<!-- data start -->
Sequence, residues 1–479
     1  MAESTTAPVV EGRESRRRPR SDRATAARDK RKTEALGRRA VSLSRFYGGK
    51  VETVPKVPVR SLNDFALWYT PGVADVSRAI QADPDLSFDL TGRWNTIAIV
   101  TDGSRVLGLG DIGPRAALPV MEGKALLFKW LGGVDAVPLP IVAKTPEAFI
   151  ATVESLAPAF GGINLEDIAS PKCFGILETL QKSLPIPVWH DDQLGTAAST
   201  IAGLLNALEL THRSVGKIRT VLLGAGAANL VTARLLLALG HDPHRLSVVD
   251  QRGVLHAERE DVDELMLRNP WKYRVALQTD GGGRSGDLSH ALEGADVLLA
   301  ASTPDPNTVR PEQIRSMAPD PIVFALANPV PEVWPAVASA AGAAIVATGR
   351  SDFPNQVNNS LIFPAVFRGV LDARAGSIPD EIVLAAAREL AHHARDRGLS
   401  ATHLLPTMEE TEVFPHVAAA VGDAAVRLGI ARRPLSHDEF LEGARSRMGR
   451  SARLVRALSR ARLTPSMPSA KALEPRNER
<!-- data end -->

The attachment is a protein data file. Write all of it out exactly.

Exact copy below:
Sequence, residues 1–479
     1  MAESTTAPVV EGRESRRRPR SDRATAARDK RKTEALGRRA VSLSRFYGGK
    51  VETVPKVPVR SLNDFALWYT PGVADVSRAI QADPDLSFDL TGRWNTIAIV
   101  TDGSRVLGLG DIGPRAALPV MEGKALLFKW LGGVDAVPLP IVAKTPEAFI
   151  ATVESLAPAF GGINLEDIAS PKCFGILETL QKSLPIPVWH DDQLGTAAST
   201  IAGLLNALEL THRSVGKIRT VLLGAGAANL VTARLLLALG HDPHRLSVVD
   251  QRGVLHAERE DVDELMLRNP WKYRVALQTD GGGRSGDLSH ALEGADVLLA
   301  ASTPDPNTVR PEQIRSMAPD PIVFALANPV PEVWPAVASA AGAAIVATGR
   351  SDFPNQVNNS LIFPAVFRGV LDARAGSIPD EIVLAAAREL AHHARDRGLS
   401  ATHLLPTMEE TEVFPHVAAA VGDAAVRLGI ARRPLSHDEF LEGARSRMGR
   451  SARLVRALSR ARLTPSMPSA KALEPRNER